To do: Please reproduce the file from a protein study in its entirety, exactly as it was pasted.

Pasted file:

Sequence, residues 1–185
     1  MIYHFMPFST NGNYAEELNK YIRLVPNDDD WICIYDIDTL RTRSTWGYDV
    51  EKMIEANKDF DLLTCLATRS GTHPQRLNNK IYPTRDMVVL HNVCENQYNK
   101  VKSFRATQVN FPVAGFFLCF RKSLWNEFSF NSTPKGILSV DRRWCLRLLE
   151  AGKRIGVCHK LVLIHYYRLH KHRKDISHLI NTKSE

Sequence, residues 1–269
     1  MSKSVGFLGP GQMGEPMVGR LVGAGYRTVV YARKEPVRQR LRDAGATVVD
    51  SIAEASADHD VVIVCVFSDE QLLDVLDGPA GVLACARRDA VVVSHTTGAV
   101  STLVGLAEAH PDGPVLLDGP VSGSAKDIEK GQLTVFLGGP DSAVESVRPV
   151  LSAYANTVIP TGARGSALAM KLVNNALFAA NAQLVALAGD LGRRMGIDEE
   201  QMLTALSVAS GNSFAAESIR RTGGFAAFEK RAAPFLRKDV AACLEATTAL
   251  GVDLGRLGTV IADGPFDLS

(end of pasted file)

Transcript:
Sequence, residues 1–185
     1  MIYHFMPFST NGNYAEELNK YIRLVPNDDD WICIYDIDTL RTRSTWGYDV
    51  EKMIEANKDF DLLTCLATRS GTHPQRLNNK IYPTRDMVVL HNVCENQYNK
   101  VKSFRATQVN FPVAGFFLCF RKSLWNEFSF NSTPKGILSV DRRWCLRLLE
   151  AGKRIGVCHK LVLIHYYRLH KHRKDISHLI NTKSE

Sequence, residues 1–269
     1  MSKSVGFLGP GQMGEPMVGR LVGAGYRTVV YARKEPVRQR LRDAGATVVD
    51  SIAEASADHD VVIVCVFSDE QLLDVLDGPA GVLACARRDA VVVSHTTGAV
   101  STLVGLAEAH PDGPVLLDGP VSGSAKDIEK GQLTVFLGGP DSAVESVRPV
   151  LSAYANTVIP TGARGSALAM KLVNNALFAA NAQLVALAGD LGRRMGIDEE
   201  QMLTALSVAS GNSFAAESIR RTGGFAAFEK RAAPFLRKDV AACLEATTAL
   251  GVDLGRLGTV IADGPFDLS